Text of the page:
In 2011, Jens Kruger was invited to create a work for The Banff Centre, a commission that recognises his ability as a composer, arranger, and performer, but also his unique ability to combine seemingly disparate cultural and musical traditions within his work. Most recently, he premiered his Appalachian Concerto, a work for banjo, bass, guitar and string quartet. There he used the form of the concerto to draw musical comparisons between the music of Europe and the traditional music of the Appalachian region as well as the cultural history of that region. It was that work, perhaps more than any other, that brought him to the attention of The Banff Centre.
Kruger has responded with a piece that unites the social and ecological concepts that he finds in the Canadian Rockies. Titled “The Spirit of the Rockies,” Kruger takes as his theme the awareness of beauty within the region, something that, at times in the past, may not have been as obvious as it is to us today. As Jens has said, “for the English,” who were the first European population to settle the region, “the wilderness was something to be conquered.” Trade routes, rather than ski trails, was what they were after.
Then, thanks to the railroad that opened up the continent, new settlers came with a very different perspective, that of an appreciation of the uniqueness and delicacy of the environment. It’s a perspective that was embodied in the Swiss guides who were the first to blaze the hiking trails, ski trails, and create the mountain retreats that are now emblematic of the region. “They brought an awareness of beauty,” says Jens. “Just like we need a friend or a parent to say ‘look at this view,’ we often need someone to help us recognize beauty as such,” a role that those early guides filled through an influence that continues to this day.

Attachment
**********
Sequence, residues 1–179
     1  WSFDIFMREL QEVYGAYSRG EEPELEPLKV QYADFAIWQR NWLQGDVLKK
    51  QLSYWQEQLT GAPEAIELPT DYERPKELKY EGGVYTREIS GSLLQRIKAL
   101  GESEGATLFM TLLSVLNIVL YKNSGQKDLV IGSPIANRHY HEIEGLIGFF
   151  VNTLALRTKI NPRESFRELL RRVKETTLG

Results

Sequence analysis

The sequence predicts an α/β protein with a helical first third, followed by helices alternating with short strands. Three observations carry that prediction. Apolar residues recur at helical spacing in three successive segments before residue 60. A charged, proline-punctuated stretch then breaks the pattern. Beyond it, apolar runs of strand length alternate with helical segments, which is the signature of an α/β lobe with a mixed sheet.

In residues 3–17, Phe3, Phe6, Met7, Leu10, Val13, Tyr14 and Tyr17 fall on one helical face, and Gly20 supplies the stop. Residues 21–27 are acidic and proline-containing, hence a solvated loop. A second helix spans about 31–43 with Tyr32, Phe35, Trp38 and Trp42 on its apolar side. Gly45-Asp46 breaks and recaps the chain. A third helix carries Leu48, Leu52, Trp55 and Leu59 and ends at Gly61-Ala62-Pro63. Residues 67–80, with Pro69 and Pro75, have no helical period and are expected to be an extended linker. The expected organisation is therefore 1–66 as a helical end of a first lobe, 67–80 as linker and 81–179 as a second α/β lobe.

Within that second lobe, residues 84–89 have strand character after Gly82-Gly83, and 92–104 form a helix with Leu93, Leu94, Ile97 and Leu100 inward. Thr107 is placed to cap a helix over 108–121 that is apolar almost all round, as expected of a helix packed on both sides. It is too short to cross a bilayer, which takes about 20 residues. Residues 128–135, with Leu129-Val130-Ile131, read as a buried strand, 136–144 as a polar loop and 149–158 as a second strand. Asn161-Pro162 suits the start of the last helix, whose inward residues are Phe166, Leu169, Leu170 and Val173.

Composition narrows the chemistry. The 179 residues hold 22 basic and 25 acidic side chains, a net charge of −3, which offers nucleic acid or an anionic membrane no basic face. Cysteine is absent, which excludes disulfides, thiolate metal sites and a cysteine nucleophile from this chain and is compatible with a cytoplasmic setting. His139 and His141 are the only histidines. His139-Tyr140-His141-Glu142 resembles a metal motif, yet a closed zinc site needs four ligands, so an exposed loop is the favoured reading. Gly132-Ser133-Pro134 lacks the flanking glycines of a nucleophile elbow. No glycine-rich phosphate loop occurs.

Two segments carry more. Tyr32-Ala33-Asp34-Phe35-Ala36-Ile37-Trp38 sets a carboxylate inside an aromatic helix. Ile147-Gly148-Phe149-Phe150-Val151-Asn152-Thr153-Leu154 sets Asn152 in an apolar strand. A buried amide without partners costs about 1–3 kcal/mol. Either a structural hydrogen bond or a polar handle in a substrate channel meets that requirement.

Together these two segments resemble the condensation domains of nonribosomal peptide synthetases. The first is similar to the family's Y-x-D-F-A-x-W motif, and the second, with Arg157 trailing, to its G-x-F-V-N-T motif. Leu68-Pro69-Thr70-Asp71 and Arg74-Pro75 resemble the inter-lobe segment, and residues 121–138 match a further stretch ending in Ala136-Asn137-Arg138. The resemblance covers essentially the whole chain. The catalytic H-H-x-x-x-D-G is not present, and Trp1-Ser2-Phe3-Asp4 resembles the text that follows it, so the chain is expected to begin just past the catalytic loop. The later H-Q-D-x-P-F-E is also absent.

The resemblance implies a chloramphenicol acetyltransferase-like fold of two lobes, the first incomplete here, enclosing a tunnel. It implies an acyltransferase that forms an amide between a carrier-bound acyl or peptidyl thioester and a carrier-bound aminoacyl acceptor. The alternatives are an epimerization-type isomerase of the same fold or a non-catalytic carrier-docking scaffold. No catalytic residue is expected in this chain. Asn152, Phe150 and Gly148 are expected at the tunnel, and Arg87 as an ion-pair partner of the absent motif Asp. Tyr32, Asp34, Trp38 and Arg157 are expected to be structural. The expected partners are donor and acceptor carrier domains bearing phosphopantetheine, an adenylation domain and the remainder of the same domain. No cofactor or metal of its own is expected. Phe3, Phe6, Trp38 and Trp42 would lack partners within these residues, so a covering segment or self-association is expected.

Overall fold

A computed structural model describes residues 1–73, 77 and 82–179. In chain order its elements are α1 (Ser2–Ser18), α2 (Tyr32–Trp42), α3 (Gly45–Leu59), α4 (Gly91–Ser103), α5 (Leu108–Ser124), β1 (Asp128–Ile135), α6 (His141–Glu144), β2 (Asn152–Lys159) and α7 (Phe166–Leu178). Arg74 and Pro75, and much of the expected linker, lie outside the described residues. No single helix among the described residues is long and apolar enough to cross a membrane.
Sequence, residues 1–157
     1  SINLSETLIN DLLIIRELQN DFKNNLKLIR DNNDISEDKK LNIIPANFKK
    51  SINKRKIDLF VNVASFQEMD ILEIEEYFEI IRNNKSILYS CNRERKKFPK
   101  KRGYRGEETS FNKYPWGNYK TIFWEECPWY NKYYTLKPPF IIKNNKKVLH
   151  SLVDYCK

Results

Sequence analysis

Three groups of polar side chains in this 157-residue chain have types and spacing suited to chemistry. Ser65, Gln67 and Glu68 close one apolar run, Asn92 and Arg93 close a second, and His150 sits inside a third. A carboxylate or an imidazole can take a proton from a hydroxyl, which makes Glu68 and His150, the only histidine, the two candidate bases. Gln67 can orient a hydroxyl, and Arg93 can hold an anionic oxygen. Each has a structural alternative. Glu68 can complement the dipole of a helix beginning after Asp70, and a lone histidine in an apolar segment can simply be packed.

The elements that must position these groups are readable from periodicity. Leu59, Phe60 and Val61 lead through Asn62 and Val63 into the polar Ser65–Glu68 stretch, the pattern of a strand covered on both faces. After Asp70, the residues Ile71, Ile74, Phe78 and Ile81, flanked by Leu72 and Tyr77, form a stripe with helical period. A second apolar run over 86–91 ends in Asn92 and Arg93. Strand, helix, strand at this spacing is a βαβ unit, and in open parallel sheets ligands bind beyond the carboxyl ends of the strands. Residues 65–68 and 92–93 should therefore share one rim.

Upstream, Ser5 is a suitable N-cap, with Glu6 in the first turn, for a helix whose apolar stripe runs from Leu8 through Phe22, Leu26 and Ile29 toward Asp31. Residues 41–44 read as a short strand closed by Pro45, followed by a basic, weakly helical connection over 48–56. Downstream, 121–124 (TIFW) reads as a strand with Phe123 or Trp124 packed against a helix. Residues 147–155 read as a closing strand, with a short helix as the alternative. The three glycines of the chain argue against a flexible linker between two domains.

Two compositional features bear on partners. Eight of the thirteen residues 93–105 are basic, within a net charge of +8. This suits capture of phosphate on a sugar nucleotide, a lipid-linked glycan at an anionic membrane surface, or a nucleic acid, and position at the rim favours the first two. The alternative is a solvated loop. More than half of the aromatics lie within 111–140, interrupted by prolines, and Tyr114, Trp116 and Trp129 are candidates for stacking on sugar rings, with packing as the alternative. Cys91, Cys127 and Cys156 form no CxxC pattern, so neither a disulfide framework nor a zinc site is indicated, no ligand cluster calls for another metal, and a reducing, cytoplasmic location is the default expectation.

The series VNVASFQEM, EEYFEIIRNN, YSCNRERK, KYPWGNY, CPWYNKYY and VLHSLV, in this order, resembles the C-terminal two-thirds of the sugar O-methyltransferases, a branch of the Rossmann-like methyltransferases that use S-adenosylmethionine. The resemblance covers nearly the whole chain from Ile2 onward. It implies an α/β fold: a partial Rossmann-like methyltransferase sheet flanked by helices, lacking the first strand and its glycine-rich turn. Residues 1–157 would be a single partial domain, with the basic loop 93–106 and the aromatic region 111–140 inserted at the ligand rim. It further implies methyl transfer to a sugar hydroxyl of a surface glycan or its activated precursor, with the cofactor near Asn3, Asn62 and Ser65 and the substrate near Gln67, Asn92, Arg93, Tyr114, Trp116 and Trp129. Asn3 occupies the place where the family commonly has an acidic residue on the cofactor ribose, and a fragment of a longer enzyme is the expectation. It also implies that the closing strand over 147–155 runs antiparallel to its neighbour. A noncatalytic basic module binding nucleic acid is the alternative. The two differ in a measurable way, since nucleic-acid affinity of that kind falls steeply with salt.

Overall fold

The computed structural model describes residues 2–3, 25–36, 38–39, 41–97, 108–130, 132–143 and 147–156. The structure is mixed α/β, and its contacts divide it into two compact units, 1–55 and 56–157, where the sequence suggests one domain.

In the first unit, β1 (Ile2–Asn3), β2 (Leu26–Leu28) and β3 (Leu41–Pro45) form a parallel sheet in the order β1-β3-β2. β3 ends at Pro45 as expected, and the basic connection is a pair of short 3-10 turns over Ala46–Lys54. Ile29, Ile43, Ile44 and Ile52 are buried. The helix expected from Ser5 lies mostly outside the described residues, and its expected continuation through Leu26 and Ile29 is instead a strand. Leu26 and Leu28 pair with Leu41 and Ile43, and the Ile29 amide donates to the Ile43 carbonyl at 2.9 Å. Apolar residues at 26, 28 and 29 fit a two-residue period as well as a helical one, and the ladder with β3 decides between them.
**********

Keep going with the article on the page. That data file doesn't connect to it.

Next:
It is those themes—appreciation, preservation, and discovery—that provide a focus for Kruger’s work. “The spirit of the Rockies,” says Kruger, “is our own falling in love and our own understanding of beauty. ... [And the understanding that] we are part of this world, and it is a part of us.”
The 2013 Steve Martin Prize for Excellence in Banjo has been awarded to their own banjo player extraordinaire Jens Kruger. Kruger was named as the fourth recipient of the Steve Martin Prize for Excellence in Banjo and Bluegrass Music. Kruger is known for his innovative banjo composition and performance that integrates folk music with European classical music. Kruger is the first North Carolina resident and first winner born outside the of the United States.
The Kruger Brothers are highly regarded within the world of acoustic music in North America, in particular by those within the industry. They gained the attention of some of the musicians, including Bill Monroe, Doc Watson, Tut Taylor, and Bobby Hicks, that once served as models. Watson once said, “The Kruger Brothers are just about as fine a band as I’ve ever played with... I love to play music with them.”